Mātauranga Māori curator Matariki Williams discusses the role of curators healing past wrongs, something being addressed in our new exhibition about motherhood and Māori women.
At Museums Australasia last year, a conference convened by the New Zealand and Australian museums associations, visiting Metis academic and artist David Garneau interrogated the etymology of the word ‘curate’. Garneau delicately took us back to the Latin root word, ‘cura’, meaning ‘to heal’.
Building on this reflection is the suggestion that the work we do as curators, alongside colleagues elsewhere in the museum, can alleviate past wrongdoings. To speak broadly of a Māori experience of these wrongs, there is the history of being collected, catalogued, and curated with no respect given to our own mātauranga, or influence in how we are represented.
Addressing historical and gender biases
It is within this history that we, as Curators Mātauranga Māori at the national museum, work. We have inherited not only a rich collection within which we can research but the corresponding legacy of the establishing collectors, who were for the main part European men.
Generally speaking, much of the collection is unprovenanced, meaning that details relating to the original owners of the taonga were not recorded.
The collection is also very masculine, represents older generations, and contains a lot of taonga of high status. What this means is that the lens in which we look back on our tipuna is influenced by what we see in the collection, making it difficult to ascertain what everyday life was like in relation to our pēpē.
This latter point is one of the reasons why my fellow Curator Mātauranga Māori, Migoto Eria, and I chose to include a wahakura in the exhibition just opened at Te Papa called Te Ringawhatuora | Weavers of Wellbeing.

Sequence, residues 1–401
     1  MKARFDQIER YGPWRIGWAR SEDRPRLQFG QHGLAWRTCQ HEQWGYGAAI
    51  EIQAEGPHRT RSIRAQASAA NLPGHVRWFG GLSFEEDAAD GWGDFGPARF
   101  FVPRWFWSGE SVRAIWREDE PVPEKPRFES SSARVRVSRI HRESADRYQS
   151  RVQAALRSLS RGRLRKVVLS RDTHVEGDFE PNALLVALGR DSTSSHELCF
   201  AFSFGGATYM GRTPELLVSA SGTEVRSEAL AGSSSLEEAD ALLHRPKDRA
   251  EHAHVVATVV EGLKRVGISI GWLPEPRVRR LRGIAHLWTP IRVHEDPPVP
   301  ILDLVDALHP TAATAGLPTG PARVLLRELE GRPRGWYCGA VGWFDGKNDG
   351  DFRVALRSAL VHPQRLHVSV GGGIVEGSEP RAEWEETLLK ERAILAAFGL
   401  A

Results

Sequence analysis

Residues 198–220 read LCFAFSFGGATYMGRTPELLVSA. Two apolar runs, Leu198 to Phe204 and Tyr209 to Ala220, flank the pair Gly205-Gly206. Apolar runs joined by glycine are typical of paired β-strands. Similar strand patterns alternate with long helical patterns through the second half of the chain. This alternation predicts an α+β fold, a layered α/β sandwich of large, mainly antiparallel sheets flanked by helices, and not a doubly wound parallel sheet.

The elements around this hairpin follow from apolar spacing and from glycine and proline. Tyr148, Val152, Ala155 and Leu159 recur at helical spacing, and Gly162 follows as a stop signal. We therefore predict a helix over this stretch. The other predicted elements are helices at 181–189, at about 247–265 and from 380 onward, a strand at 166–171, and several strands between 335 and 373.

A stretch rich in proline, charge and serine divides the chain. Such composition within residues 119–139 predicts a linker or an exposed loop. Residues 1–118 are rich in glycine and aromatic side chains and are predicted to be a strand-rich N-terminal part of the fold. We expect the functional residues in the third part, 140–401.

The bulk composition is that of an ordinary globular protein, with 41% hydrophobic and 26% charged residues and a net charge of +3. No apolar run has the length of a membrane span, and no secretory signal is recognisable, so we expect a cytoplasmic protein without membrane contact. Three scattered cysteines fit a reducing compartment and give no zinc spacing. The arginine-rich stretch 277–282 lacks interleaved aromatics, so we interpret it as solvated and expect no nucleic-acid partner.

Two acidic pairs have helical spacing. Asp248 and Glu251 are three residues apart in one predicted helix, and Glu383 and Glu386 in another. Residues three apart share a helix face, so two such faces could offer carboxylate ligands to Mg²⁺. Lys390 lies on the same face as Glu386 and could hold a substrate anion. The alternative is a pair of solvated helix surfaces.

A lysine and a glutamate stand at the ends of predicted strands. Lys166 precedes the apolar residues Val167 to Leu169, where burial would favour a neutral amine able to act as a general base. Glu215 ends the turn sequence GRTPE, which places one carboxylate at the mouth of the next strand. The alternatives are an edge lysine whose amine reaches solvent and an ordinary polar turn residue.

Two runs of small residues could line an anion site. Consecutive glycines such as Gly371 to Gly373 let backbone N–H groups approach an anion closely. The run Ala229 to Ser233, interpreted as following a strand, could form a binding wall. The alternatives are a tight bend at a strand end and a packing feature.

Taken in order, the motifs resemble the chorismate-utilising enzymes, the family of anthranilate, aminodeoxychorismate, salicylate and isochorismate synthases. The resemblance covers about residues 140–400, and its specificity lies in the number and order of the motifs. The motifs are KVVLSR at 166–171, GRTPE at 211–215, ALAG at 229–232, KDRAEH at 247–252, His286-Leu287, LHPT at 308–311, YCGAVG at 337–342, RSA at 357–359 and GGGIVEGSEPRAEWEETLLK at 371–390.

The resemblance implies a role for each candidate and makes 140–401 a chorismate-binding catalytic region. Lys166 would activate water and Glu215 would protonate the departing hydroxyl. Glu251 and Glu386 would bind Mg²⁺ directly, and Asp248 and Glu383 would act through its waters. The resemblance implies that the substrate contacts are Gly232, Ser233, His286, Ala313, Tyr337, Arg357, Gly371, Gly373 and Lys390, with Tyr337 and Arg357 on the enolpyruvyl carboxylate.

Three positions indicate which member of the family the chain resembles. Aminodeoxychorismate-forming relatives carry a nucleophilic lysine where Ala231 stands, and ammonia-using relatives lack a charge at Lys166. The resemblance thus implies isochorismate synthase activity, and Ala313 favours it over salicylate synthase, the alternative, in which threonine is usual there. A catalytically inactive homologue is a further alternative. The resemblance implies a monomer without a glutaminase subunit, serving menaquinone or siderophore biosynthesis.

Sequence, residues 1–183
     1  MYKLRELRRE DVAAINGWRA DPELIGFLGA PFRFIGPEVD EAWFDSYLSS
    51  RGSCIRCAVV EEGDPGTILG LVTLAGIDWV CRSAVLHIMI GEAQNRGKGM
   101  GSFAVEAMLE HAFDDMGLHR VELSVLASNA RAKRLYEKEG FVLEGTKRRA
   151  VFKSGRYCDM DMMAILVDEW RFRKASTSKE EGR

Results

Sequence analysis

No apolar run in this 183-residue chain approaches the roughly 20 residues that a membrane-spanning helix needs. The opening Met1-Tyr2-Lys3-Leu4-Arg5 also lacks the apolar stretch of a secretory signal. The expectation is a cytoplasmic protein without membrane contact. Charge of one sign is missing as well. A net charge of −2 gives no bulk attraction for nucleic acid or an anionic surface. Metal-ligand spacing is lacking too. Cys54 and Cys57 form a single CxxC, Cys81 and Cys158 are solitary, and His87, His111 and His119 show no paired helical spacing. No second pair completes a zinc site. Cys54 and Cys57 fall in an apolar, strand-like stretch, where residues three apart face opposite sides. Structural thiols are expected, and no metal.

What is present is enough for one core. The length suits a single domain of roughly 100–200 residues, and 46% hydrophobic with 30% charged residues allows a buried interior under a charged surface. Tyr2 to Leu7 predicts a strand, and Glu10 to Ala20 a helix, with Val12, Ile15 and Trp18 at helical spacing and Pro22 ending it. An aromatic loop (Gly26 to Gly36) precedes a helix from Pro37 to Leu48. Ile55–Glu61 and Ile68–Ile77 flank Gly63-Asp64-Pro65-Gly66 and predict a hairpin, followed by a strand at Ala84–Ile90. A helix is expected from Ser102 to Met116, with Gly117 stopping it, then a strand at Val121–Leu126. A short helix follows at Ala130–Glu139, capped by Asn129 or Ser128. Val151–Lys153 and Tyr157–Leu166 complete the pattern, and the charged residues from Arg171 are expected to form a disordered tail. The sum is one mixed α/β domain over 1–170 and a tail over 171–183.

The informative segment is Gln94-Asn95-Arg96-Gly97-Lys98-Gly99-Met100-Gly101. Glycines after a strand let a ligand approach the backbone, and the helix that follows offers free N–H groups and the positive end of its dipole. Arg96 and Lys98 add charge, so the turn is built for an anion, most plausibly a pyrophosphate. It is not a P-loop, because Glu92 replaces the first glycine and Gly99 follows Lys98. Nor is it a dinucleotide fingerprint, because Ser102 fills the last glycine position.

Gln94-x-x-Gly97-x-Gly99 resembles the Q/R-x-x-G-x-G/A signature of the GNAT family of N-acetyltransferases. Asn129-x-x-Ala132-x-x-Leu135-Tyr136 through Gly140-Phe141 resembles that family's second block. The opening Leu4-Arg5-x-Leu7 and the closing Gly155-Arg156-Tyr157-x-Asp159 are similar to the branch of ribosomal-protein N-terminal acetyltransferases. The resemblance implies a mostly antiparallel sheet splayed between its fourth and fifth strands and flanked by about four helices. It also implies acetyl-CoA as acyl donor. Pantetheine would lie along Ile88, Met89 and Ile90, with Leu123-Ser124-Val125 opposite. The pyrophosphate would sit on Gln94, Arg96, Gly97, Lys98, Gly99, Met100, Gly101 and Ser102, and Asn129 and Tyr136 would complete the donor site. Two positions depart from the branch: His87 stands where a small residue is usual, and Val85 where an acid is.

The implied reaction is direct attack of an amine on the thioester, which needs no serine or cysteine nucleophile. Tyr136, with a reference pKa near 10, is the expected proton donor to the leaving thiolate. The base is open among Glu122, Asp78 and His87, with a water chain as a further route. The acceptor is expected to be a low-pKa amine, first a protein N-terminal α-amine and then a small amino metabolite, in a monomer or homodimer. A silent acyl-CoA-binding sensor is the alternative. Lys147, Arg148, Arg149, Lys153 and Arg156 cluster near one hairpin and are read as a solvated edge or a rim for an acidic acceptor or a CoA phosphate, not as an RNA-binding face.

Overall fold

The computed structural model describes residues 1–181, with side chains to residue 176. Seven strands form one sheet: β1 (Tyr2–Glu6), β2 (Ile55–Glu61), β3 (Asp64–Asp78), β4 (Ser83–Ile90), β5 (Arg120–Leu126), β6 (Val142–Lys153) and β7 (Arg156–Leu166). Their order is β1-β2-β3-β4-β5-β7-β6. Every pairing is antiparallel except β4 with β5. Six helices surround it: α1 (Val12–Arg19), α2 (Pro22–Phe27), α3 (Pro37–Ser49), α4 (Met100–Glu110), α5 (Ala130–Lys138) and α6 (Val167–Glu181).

Inspired by the atua wahine Hine-te-iwaiwa, Te Ringawhatuora celebrates womanhood and Māori women, who give birth to and nurture tamariki.
In te ao Māori, family and weaving are closely intertwined and Hine-te-iwaiwa is the guardian of both whakatupu tamariki and Te Whare Pora – the house and art of weaving.
The evolution of a cradle
The wahakura is the modern adaptation of the porakaraka and was first designed and woven in 2006 by the Nukutere Weavers Collective of Gisborne.
The porakaraka is described by ethnographer Elsdon Best as a form of cradle designed to be suspended, for example, from rafters; it also included a trailing cord by which the caregivers could gently swing the cradle.
With the passage of roughly a century, parental needs and child-rearing habits have evolved, and the design of the wahakura is responsive to the needs of modern-day parents who wish to sleep closely to their babies.
In a recent trial published on the Whakawhetū – Mokopuna Ora website [PDF, 952 KB], further reasoning behind the development of the wahakura is explored, and the higher rates among Māori for Sudden Unexplained Death of an Infant (SUDI) are attributed to the higher rates of maternal smoking and bed-sharing.